Elizabeth Friar

Research Interests

My research interests are in understanding the molecular evolutionary mechanisms and processes underlying differential adaptation to diverse ecological habitats and speciation. My interests in plant systematics lie mostly at the species level, i.e., in the relationships within closely related species groups, or in cases of incipient speciation. The goal from this part of my research program is to investigate role of genetic change across species boundaries, including mechanisms of speciation, the genetic basis of ecological adaptation, the role of biogeography and/or ecological adaptation in shaping population structure, and factors which may promote rapid speciation. I have also become interested in the role of long distance dispersal in speciation and the evolution of plant breeding systems. My primary study group for this purpose is the Hawaiian silversword alliance.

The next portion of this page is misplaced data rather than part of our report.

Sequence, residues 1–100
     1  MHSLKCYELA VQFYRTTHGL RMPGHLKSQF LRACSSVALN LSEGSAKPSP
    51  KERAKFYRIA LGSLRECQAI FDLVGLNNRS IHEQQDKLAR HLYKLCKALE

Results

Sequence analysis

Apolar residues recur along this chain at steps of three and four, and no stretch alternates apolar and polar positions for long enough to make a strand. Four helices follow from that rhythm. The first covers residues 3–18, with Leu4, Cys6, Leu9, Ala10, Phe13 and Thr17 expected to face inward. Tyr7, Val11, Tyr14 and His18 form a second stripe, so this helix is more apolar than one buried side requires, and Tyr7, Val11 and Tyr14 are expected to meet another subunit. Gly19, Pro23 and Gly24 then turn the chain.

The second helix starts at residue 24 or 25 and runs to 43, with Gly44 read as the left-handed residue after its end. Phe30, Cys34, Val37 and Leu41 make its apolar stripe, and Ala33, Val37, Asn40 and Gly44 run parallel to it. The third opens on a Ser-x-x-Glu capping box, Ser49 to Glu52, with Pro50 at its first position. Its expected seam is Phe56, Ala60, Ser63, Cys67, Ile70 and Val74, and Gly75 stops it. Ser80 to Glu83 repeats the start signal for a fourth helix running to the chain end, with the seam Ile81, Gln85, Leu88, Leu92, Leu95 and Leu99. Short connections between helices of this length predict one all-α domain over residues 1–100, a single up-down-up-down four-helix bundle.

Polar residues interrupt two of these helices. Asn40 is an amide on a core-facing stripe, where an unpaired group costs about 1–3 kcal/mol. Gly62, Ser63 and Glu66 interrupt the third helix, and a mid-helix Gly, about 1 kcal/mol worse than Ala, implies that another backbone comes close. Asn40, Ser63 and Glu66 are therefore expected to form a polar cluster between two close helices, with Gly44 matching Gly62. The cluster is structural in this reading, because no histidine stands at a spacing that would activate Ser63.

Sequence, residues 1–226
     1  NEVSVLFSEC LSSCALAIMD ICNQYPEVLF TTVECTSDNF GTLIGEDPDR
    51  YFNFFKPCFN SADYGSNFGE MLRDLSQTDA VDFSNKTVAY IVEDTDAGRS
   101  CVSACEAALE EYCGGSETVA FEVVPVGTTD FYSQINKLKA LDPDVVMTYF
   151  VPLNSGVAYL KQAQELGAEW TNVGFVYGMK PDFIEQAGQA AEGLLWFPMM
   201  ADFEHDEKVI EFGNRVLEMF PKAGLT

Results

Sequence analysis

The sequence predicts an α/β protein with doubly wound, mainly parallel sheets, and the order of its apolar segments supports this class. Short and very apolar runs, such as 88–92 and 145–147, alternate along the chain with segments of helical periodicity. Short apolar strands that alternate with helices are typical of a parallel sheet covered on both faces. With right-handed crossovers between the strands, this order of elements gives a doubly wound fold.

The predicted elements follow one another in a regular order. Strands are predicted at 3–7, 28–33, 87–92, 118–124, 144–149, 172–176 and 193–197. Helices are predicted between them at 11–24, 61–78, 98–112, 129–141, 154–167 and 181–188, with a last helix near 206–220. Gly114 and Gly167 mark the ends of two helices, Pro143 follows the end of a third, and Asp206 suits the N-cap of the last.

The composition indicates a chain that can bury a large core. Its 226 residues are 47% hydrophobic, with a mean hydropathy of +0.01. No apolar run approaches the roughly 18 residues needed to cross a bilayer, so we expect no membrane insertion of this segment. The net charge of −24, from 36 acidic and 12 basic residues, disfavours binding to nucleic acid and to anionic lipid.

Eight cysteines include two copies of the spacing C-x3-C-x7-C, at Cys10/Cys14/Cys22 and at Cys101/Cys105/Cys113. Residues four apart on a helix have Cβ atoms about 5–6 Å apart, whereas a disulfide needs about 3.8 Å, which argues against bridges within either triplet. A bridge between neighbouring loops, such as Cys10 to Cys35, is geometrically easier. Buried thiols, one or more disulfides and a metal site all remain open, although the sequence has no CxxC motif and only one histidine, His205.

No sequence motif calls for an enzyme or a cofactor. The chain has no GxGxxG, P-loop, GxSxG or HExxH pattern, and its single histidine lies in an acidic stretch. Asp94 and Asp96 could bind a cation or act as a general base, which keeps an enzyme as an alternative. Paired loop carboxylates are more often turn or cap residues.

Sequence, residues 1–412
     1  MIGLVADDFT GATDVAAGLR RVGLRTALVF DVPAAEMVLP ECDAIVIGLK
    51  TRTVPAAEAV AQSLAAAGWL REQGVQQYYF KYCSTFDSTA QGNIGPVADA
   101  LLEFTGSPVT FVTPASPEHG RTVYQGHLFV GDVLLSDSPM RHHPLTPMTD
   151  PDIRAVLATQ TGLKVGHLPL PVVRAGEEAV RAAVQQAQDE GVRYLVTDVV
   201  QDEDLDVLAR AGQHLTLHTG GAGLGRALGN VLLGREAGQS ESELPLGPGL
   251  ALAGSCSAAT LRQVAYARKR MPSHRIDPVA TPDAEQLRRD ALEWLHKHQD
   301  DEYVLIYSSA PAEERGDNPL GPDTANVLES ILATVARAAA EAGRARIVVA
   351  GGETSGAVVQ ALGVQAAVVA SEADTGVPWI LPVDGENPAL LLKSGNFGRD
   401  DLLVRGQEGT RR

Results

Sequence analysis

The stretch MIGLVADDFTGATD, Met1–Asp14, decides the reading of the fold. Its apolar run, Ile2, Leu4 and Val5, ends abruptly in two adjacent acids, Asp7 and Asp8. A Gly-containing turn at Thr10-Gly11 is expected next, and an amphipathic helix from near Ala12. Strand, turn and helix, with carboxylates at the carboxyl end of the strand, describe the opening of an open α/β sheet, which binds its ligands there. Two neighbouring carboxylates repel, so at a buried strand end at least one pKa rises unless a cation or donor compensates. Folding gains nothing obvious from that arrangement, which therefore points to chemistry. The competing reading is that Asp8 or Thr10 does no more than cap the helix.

I, along with my collaborators, am currently working on a project to understand the genetic bases of ecological diversification in the eight very closely related species of section Railliardia of the genus Dubautia. We are taking an explicitly integrative approach to this project; collecting microsatellite, putatively neutral gene sequence, candidate gene sequence, anatomical, morphological, and developmental data sets from a parallel set of collections at the population level. As part of this project, we will explore methods for data combination and integration to develop a more synthetic picture of evolution in this group of species. We will also be using population genetic and coalescent analytical methods to examine evolutionary processes at the species boundary, including tests of selective neutrality for the candidate loci.